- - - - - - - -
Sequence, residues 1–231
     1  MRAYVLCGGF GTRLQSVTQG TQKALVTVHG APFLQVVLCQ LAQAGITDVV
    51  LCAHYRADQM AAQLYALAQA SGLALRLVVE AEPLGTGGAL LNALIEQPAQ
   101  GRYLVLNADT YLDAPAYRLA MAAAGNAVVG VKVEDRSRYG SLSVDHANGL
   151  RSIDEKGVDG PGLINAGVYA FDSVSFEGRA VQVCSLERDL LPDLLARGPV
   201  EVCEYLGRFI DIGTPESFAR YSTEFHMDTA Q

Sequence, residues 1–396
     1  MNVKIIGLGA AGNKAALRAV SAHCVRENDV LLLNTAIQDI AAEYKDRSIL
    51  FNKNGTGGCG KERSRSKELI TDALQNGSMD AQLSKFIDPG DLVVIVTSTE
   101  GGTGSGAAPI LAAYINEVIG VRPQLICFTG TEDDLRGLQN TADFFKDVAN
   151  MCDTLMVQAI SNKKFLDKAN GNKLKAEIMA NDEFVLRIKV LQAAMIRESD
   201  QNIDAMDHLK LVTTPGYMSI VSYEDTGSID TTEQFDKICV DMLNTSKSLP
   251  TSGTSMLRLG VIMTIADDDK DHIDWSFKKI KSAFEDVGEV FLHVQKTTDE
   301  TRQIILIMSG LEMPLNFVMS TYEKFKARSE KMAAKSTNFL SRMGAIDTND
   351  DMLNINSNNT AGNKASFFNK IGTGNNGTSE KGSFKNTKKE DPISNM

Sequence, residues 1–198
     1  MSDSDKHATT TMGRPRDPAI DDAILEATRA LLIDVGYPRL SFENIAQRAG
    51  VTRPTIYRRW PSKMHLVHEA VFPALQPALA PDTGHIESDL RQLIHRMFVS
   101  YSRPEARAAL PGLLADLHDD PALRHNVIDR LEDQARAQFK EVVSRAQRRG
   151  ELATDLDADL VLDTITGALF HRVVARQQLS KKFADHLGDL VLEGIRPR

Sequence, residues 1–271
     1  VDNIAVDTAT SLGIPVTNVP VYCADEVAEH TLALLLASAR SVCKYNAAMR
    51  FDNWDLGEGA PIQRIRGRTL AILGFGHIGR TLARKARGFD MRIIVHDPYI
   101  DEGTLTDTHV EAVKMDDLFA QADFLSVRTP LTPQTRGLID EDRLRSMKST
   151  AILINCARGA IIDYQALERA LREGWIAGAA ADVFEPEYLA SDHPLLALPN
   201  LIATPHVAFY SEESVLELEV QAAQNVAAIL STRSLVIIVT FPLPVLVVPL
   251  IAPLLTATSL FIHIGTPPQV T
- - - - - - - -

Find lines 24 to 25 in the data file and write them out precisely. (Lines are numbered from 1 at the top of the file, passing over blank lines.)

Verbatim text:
   101  DEGTLTDTHV EAVKMDDLFA QADFLSVRTP LTPQTRGLID EDRLRSMKST
   151  AILINCARGA IIDYQALERA LREGWIAGAA ADVFEPEYLA SDHPLLALPN